Sleepless – Host Desecration (Metal Warrior Records)

Wednesday, 13th April 2022
Rating: 8.5 / 10

You don’t often hear a trio of musicians carving out a semi-technical form of traditional metal, but that’s what we have here in Portland, Oregon act Sleepless. Two of the members have seasoning in long-running death/thrash unit Dead Conspiracy, yet this album Host Desecration veers into influences rarely explored in the current scene – a pocket of time during the late 80’s to early/mid-90’s where exploration and innovation seemed as key as being aggressive or catchy. When taking in these nine tracks, listeners can expect subtle shifts off main chord/riff parts that branch into progressive, off-time landscapes, however never too obtuse or twisted from maintaining coherent, cohesive hooks and enthralling melodies.

Holding down bass guitar and all rhythm guitar duties, Eric Sexton-Dorsett can lay down some solid traditional doom movements one moment, then rip into technical thrash/power parts without losing momentum – as the Anacrusis/Watchtower meets Nevermore/Solitude Aeturnus angles come full force during “The King Who’s Not There” as well as shape shifting title cut. Kevin Hahn tackles lead guitars as a versatile axe slinger, while displaying multi-octave vocal prowess and tremendous emotional resonance in lower to high registers that mirrors the work of Rob Lowe or Alan Tecchio during superior cuts like “Diviner of Truth” and the semi-groove/power driven “Mushroom Clouds at Night”. Although most of the material gets in and gets out in a remarkably economical three and a half to five-minute windows, closer “The Man Who Could Not Sleep” at over 6:23 introduces some subtle vocal effects plus longer instrumental sequences where progressive chops, abrasive cues, and the tempo changes allow for spirited ebbs and flows in the arrangement – even the little jazzy/funky sequence that works. Self-producing the record also makes sense, as the tones and live nature to the sound lends itself well to these tracks making a presence through whatever preferred listening device you use.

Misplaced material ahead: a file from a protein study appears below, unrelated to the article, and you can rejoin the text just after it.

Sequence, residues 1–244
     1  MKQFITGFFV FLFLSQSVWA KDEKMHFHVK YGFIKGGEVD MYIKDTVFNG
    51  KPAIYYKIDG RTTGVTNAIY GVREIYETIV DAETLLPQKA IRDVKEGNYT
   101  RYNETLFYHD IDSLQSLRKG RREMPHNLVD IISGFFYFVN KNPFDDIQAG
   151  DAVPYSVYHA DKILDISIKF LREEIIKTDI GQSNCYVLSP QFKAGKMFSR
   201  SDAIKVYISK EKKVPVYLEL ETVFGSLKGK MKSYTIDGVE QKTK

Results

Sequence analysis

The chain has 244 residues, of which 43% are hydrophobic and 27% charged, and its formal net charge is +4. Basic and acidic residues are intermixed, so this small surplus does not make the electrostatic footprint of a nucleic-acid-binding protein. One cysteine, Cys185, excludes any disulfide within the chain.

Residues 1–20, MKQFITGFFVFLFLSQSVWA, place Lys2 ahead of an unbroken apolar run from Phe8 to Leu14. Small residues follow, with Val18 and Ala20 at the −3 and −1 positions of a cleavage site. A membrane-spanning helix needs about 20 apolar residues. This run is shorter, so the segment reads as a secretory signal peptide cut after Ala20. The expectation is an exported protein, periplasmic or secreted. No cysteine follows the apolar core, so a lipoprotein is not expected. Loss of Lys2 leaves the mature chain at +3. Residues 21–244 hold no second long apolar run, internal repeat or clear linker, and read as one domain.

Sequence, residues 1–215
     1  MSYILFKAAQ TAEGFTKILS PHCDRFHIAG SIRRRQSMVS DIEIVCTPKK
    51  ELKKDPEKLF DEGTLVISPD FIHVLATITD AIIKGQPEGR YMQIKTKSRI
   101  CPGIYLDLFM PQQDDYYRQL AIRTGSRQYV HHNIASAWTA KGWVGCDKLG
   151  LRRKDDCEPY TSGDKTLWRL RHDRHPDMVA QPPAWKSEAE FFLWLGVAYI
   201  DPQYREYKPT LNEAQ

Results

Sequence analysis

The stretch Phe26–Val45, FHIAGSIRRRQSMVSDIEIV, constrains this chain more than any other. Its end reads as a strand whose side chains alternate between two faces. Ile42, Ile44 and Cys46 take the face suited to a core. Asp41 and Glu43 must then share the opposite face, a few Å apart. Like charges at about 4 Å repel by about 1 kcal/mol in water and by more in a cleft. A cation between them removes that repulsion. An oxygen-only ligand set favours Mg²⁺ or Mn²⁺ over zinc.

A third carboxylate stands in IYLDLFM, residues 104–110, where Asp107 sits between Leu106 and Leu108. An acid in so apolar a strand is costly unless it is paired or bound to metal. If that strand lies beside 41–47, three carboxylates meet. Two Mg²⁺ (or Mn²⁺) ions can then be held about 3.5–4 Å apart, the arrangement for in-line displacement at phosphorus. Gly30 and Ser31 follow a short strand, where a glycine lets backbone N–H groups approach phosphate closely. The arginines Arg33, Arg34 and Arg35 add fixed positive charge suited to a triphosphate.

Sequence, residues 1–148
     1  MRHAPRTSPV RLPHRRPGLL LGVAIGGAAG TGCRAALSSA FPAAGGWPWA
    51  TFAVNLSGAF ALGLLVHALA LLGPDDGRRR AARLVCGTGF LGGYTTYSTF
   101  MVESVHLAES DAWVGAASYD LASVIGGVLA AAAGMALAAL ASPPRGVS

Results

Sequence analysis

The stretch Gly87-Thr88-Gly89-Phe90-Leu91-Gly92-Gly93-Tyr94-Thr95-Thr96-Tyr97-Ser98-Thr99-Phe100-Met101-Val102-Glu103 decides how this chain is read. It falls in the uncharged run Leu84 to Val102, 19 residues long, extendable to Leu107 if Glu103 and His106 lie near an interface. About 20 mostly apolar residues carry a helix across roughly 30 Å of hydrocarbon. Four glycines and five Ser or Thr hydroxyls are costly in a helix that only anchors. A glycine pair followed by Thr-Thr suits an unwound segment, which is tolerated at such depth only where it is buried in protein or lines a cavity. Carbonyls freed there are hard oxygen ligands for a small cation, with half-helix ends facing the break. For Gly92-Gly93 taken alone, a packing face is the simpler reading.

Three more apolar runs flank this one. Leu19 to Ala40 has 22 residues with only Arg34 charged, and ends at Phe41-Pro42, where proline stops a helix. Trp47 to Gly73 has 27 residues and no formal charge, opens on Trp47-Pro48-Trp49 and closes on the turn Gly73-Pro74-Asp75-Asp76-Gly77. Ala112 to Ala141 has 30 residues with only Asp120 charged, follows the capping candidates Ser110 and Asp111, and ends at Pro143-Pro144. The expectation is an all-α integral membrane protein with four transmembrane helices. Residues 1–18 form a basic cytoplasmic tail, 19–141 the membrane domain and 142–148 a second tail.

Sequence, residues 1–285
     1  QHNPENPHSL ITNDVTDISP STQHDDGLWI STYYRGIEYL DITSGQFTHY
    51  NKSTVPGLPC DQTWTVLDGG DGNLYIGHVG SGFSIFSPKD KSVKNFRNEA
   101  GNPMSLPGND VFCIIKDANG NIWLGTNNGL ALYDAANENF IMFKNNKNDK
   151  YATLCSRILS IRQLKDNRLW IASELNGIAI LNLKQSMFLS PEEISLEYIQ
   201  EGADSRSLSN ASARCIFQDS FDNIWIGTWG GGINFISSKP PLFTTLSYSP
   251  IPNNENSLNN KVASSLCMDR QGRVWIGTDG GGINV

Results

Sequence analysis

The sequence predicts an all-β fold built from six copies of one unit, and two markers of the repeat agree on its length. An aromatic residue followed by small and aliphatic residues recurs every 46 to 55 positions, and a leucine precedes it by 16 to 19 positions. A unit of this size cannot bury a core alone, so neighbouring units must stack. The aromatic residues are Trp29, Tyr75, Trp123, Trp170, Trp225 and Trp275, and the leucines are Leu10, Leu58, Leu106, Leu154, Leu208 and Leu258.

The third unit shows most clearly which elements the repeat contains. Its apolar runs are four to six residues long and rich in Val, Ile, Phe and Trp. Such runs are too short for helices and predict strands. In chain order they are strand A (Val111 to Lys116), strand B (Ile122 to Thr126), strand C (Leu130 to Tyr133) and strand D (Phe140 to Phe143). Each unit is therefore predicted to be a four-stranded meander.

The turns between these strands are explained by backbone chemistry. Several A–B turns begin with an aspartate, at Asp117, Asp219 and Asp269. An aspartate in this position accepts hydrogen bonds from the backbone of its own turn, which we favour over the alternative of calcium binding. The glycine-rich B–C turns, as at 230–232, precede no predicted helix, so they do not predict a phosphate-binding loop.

Embracing a no-rules template, Sleepless takes this scribe back to 1988-1994 through Host Desecration – experimenting in numerous metal influences while packaging together the material in digestible ways. Niche for appeal, though lovers of this style know when quality shines – and that’s apparent on first (and successive) passes.

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